Then there is the sheer thrill of testing out brand-new L.A. work abroad. Said Rivera, "Because Playwrights' Arena only does newer playwrights, it's very exciting to take the work we are doing in L.A., which is mostly about L.A. playwrights, and then present it internationally."
Indeed playwright/performer Salamone saw the Fringe as an opportunity to test out his play and guide future revisions. He also took the opportunity to attend some of the festival's numerous workshops. Said Salamone, "One of the workshops I took had the literary manager for the Royal National Theatre. She read the play in advance and then met with each of us and spent two hours just talking to you about it. Where else could you get something like that? It was just amazing."
And Salamone has been lucky enough to taste the success that can come out of a great run in Edinburgh. "Moscow got the New York production as a result of this one. And the Florida one as well. We are negotiating with Prague. All of those possibilities came about because someone saw it here."
L.A.-based Fringe producer Michael Blaha, who brings five or six U.S. shows to Fringe each year, has also seen the fruits of a Fringe First award. He produced a show called Runt two years ago, which took the prize. The BBC came to the show and decided to produce it as a radio drama, which went on to win a Sony radio award for best drama.
High-profile successes like these do happen. Indeed, American shows staged something of a coup at this year's Fringe--well, at least those few that emerged from the pack. All of these privileged shows hailed from New York. Two of the top productions offered significant and timely social commentary. Riot Group's Pugilist Specialist, which won the best of The Scotsman's Fringe Firsts, was an intriguing look into a military secret operation meant to assassinate a world leader. And 78th Street Theatre Lab, which won the Best Ensemble Acting award, produced Boy Steals Train, a play about a 15-year-old boy who steals a subway train and drives it into the World Trade Center.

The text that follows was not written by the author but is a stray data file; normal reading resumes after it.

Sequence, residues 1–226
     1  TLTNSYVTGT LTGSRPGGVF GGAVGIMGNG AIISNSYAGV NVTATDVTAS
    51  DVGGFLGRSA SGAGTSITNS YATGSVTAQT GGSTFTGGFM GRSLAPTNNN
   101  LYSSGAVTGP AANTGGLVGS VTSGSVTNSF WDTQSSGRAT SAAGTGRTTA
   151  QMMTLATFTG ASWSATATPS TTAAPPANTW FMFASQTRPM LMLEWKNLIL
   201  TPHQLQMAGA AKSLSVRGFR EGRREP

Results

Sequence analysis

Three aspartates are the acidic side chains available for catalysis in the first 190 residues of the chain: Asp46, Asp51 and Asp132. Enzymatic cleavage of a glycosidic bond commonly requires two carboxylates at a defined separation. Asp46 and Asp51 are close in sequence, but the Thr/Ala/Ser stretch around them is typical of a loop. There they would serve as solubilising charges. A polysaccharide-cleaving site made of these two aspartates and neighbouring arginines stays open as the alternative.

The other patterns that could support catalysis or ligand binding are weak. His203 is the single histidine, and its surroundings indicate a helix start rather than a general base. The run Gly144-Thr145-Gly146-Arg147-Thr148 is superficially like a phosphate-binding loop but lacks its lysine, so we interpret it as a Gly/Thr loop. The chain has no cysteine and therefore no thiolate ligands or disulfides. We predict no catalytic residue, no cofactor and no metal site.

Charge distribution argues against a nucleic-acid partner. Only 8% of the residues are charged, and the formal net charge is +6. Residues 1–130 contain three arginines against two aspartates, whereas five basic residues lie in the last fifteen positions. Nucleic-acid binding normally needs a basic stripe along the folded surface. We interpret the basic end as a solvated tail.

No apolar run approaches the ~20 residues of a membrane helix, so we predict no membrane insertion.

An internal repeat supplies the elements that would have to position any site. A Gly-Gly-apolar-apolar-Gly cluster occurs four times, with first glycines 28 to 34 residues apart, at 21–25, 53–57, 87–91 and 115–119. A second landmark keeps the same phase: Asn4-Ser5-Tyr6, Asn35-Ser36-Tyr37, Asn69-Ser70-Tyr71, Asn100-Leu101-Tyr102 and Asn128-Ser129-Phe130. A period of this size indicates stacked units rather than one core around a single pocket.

Comedy Central
Perhaps the biggest disappointment for U.K. Fringe performers was that New Yorker Demetri Martin scooped up the very prestigious Perrier Award for Comedy. The Perrier Award--less than a decade old--is perhaps the most coveted honor on the British comedy scene, leading many U.K. comedians to flock to the Fringe in the hope of winning and thereby securing that British sitcom deal. Because of the Perrier, some performers say the Fringe is starting to look like the Aspen of the British comedy world. Indeed many have complained that since the mid-'90s the festival has been dominated by standup comics, most of whom are British.
"It's so strange because I was here in '84 and there was no comedy," said L.A. actor Elizabeth O'Connell, who stars in Red Hat & Tales. "It was just theatre and no comedy."
Salamone agreed. "Comedy has really been taking over," he said. "In the bigger venues, there is more comedy than theatre. Now, after 11 p.m., you won't see any theatre whatsoever in The Assembly Rooms, because comedians are the people who pack big houses."
It's almost at the point that theatre is slowly becoming the fringe of the fringe, ghettoized to less popular locales and time slots. Yet it's not quite fair to blame the comics if your show just isn't drawing the audience you'd hoped. Scarce audiences seem to be the experience of most Fringe performers. Some say the Fringe has just gotten too big for its own good: With nearly 20,000 Fringe performances on offer and a program that resembles a city phone book, it's no wonder that many shows are only able to draw an audience of six--and for some, that's a good day. You also have to remember that the competition is not only your fellow Fringe performers but several other festivals that are happening simultaneously: the main Edinburgh Festival, a film festival, a book festival, and the military "tattoo," a stirring pageant of marching bands from around the world--not to mention all the tourist sites the city has to offer.
You are also competing against local groups that are part of the Fringe--groups that have a solid neighborhood following built up over years of hard work. A case in point: the Edinburgh Makars production of Plaza Suite, a community production I attended in a local suburb's church hall. Superbly directed by Margaret Milne, this was not only one of the most professional community theatre productions I've seen but was also drawing packed houses of more than 100 people a night.
Fringe producer Blaha pointed out that often there is just no telling how a show will be received. A successful U.S. show that may seem tailor-made for the Fringe may not translate into box office once it gets there. This year, Blaha took L.A. performer Dominic Hoffman's Ovation-winning show Uncle Jacques' Symphony, only to watch it flounder for attendance, despite being in an ideal venue, The Gilded Balloon.
A lot depends on luck--specifically, on how much help you are lucky enough to get from reviewers, publicists, and enthusiastic audience members with lots of friends. Yet one of the largest factors is, of course, how much you are willing to help yourself. So if performers decide that despite the drawbacks, it's time to make that pilgrimage, what can they do to help themselves?